Assad will test chemical weapons as he is runing out of weapons to use,his airforce is getting weak and he lost many planes and pilots,if he did not use chemical weapons then he has nothing to fear from UN investigating team.
If the rebels has such weapons ,why don’t they use it at Qurdaha?

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March 20th, 2013, 10:10 pm

 

232. Darryl said:

“18. OBSERVER SAID:
Darryl I am an atheist and yet I do recognize that for the new societies of the ME to come together and create a new entity it has to be anchored in a common cultural heritage.”

Dear Observer, I think you’ll find that you and I are mostly on the same page on many things. Heritage already anchors our society in the ME but nothing is working, why? We do not have common interest, we do not have respect and dignity for individual freedom, we do not have tolerance to differ. People are raised to believe in herd mentality and taught all the wrong things about being human. People are not taught to be accountable on earth first, our moral code is based on fear and NOT on doing the right humanly thing first which is our conscious.

“In this I note but do not fully agree that the founders of the Baath party recognized that for the Arab nation to glue together it had to have an “eternal” message this being Islam.”

Dear Observer, I am not a Baathest and never will be one. However, I think the founders of Baath realized unless Islam is central to the identity; Muslims will not accept it and join.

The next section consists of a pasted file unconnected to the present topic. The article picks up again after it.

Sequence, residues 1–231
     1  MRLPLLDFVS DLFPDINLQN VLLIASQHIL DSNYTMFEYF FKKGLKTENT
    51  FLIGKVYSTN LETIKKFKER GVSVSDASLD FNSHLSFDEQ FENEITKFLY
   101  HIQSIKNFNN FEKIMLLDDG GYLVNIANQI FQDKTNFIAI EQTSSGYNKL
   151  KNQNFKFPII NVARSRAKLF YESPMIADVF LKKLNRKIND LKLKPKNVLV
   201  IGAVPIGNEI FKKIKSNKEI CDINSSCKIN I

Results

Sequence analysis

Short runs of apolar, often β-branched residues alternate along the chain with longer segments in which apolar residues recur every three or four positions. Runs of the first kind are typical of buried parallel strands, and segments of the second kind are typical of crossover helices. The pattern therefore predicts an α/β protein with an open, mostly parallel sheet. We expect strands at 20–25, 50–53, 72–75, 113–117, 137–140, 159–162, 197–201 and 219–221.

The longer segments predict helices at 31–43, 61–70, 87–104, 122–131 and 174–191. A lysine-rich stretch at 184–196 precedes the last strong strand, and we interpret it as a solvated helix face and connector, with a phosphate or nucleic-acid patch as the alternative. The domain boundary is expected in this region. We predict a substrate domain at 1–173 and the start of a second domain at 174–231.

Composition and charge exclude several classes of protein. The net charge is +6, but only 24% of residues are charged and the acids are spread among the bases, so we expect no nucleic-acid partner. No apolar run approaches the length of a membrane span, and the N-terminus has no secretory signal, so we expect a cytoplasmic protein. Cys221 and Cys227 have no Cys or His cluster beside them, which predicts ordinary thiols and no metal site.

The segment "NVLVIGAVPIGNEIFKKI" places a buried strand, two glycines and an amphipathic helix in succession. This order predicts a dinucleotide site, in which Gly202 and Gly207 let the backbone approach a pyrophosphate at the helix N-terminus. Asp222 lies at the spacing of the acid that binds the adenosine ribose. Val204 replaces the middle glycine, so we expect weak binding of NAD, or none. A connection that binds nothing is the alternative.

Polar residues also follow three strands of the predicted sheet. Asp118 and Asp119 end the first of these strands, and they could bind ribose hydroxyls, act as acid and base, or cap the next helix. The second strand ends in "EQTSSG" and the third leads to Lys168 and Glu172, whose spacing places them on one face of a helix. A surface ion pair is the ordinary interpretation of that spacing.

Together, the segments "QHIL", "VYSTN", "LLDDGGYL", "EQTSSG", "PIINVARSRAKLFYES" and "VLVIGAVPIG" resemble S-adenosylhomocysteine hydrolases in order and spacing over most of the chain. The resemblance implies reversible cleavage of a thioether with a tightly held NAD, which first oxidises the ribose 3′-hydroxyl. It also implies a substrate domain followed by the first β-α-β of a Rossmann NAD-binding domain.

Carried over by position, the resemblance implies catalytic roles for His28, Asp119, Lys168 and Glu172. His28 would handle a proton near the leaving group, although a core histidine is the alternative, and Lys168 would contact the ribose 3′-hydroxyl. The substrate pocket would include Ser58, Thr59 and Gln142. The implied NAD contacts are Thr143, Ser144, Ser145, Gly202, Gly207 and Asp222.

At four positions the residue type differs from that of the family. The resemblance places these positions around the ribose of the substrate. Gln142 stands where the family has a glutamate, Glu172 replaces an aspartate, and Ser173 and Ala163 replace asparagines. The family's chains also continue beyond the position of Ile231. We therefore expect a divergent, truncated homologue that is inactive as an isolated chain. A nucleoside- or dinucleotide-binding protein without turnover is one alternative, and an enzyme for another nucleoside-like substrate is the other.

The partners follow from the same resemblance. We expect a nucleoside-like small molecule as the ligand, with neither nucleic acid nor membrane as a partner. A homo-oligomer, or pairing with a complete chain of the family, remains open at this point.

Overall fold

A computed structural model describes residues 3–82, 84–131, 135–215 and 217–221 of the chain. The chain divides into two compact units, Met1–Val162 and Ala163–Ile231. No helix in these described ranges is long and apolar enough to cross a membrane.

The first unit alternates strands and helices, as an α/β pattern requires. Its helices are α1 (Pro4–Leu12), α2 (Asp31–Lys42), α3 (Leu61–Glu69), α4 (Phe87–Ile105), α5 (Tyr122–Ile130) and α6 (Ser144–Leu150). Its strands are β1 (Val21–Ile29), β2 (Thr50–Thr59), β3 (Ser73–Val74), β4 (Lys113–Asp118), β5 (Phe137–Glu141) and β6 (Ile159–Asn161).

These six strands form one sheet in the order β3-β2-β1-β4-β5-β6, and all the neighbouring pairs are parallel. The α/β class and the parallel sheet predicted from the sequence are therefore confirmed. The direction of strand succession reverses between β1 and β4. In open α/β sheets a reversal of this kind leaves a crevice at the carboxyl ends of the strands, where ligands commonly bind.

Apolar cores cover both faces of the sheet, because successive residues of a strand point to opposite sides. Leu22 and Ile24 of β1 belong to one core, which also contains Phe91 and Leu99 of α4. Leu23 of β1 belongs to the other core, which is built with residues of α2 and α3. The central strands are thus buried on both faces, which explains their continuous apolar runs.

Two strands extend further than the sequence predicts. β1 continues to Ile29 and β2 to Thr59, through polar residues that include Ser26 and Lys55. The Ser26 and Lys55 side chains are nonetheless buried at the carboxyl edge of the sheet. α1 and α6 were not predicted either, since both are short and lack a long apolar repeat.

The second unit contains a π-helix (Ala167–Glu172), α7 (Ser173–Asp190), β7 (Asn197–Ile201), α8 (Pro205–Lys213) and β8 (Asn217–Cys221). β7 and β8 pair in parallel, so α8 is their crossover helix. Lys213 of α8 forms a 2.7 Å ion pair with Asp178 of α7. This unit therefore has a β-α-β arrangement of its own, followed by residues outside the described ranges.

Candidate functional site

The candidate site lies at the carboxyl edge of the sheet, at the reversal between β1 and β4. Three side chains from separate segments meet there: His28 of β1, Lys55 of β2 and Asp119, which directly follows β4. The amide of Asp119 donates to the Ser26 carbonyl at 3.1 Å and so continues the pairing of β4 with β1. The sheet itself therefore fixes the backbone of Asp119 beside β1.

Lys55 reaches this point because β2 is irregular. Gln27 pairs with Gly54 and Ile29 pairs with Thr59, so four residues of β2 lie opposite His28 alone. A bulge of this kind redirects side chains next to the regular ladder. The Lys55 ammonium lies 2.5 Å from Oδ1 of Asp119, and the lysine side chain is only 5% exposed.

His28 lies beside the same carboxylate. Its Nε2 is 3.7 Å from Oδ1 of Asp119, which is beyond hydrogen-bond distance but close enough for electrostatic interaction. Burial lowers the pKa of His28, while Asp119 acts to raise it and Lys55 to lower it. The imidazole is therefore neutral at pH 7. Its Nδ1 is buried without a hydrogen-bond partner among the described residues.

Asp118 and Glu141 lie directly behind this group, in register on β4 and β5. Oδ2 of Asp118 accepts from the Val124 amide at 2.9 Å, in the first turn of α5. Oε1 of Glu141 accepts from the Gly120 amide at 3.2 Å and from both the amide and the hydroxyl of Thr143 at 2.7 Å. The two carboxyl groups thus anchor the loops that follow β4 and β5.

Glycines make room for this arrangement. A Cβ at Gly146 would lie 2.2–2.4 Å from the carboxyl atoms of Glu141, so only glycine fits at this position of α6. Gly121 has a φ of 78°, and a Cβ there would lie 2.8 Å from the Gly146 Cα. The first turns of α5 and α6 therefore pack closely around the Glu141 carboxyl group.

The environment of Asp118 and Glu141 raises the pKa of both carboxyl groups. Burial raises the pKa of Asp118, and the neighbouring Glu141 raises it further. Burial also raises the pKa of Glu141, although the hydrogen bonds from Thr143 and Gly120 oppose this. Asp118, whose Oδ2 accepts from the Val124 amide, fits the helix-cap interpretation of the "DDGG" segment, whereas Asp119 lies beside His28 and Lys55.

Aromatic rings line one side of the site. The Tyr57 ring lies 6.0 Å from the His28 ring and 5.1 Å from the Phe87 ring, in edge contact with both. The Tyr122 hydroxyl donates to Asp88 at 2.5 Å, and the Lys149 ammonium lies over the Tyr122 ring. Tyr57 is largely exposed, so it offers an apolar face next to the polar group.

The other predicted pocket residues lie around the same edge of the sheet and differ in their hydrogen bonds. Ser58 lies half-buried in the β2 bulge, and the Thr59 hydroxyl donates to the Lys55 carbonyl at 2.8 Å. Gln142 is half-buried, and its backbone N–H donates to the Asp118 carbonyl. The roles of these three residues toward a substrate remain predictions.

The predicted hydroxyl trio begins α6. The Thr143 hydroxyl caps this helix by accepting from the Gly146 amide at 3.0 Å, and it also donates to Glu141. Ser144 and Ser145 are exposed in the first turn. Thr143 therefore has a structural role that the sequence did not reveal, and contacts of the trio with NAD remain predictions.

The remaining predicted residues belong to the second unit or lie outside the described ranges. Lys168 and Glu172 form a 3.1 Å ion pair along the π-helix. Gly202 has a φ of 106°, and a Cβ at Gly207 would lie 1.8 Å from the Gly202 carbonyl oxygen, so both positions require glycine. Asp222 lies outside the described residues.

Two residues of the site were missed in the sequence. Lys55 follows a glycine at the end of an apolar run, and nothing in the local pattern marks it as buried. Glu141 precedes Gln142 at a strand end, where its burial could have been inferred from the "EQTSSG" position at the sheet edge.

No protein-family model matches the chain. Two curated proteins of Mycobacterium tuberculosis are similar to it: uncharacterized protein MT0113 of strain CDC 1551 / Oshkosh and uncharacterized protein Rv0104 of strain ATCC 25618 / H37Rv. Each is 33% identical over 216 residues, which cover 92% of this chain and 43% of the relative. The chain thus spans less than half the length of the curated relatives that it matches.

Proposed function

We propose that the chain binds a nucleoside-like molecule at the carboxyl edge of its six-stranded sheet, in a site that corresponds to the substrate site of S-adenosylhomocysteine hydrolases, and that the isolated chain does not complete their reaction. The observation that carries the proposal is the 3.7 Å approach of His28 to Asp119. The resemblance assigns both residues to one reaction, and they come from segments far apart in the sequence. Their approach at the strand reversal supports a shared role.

“I do not think making Islam an Arabic trait is right. It is a universal religion for everybody who wishes to freely espousing it and making it an Arabic phenomenon is racist to say the least.”

“How to define this role for Islam just as how to define the role of the emperor for the Japanese or the role of the Czar for the Russians or the role of the King in England is a dynamic process.
One outcome of the Arab revolutions is that the “democratic” process is now the established norm except amongst the Salafists who consider any rule by man as a Shirk and an association with God.”

I agree, but dealing with this issue needs a revolution in thinking that must be lead by Muslims to assert that individual belief is sacred and personal. I say must be lead by Muslims, because other religious groups (Christians and Jews) have already crossed the line and only Muslims are lagging.

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March 20th, 2013, 10:50 pm

 

233. Observer said:

Darryl agreed on many points.

In Islam it is infinitely more difficult for several reasons